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CEOs of AbbVie, BMS, Lilly, GSK and more raise concerns about Washington’s intensifying drug-pricing push

As officials in Washington weigh contentious drug-pricing measures, there’s even more evidence that pharma companies are worried about potential reform.

In an open letter to Congress, the heads of major biopharma companies including Eli Lilly, AbbVie, Bristol Myers Squibb, Biogen, GlaxoSmithKline and many more wrote that one proposal in particular—allowing Medicare to negotiate drug prices—would “threaten patients’ access to medicines and sacrifice future medical advances.”

Earlier this month, the Biden administration’s HHS unveiled a plan to tackle high drug prices, including by allowing the government’s healthcare system to negotiate with pharma companies. Drugmakers have long resisted the measure, arguing it would hurt R&D incentives. This time, they pointed to the industry’s COVID-19 response as evidence that Washington should continue to prioritize innovation.

Analysts think it’s unlikely Medicare negotiations are unlikely to pan out, but the drug industry seems to be taking the threat seriously.

In their letter, the pharma execs warned that the one proposal under consideration would cut $1.5 trillion from “innovative research companies” over a decade. That’d mean a 90% reduction or more in new medicines developed by biotech companies.

Aside from Medicare negotiations, officials are considering punishments for companies who raise prices above inflation plus relaxing drug importation rules and more.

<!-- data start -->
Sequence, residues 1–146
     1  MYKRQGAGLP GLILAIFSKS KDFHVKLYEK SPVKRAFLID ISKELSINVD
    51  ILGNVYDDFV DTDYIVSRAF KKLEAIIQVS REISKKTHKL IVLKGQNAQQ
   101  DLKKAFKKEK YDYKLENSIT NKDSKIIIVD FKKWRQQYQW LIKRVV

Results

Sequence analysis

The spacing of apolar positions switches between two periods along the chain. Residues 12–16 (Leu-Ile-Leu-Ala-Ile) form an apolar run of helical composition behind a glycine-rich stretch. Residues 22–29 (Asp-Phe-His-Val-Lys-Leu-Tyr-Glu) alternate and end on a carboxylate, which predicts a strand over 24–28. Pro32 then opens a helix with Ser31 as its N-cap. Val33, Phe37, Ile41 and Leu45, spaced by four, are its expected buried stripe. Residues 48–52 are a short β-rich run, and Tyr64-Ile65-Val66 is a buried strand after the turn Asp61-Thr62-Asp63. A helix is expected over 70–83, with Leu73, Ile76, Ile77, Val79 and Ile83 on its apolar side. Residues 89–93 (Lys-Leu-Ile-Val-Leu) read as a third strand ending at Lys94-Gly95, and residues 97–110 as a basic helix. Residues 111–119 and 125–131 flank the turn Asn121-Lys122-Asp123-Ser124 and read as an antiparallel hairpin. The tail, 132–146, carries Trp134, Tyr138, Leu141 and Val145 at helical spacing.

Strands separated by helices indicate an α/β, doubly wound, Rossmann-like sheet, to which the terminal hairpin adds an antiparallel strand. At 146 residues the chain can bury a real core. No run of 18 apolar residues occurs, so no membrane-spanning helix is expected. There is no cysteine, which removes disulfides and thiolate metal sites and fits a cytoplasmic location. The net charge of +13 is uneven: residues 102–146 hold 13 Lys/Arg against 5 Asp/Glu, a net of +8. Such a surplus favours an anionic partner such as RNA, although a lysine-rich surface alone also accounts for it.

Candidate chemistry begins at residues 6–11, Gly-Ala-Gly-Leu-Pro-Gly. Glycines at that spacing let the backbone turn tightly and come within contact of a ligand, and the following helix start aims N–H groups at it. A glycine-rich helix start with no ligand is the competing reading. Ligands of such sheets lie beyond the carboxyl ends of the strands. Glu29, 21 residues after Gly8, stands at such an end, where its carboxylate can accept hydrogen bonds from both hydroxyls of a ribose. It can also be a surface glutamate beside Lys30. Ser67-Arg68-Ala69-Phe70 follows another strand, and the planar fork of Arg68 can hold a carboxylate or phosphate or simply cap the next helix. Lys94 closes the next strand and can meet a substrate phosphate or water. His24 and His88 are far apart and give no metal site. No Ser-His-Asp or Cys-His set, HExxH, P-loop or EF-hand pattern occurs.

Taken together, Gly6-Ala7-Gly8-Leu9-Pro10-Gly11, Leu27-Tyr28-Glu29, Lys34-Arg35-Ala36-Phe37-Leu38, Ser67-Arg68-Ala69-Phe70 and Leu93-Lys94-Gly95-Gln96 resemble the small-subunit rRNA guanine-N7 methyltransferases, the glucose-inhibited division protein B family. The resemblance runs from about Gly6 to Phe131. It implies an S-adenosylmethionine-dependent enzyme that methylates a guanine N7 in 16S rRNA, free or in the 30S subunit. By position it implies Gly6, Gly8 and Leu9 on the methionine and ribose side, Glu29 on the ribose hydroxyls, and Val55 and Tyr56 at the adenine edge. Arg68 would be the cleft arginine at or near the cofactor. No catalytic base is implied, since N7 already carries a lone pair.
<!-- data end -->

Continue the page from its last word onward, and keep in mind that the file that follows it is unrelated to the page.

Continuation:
“We agree with leaders in Washington that Americans need help with their healthcare costs, but these dangerous policy experiments are not the answer.”

The letter follows a press briefing last week with Merck, Eli Lilly and Takeda executives, who outlined similar reasons why the government shouldn’t proceed with Medicare pricing negotiations.

While pharma representatives clearly want to avoid tough reforms, others are calling for the government to finally act on the issue.

In their own open letter to lawmakers this summer, groups comprising Families USA, Lower Drug Prices Now, Patients for Affordable Drugs and more wrote that Congress has a “unique and time-limited window for crafting meaningful drug pricing reform this year.” They called on the government to implement drug pricing negotiations, install price-hike limits and redesign Medicare Part D to slash costs for beneficiaries and taxpayers.

Drug pricing advocates have been calling for reform for years, but despite the numerous proposals floated for consideration, no major pharma pricing reform efforts have taken shape in recent years.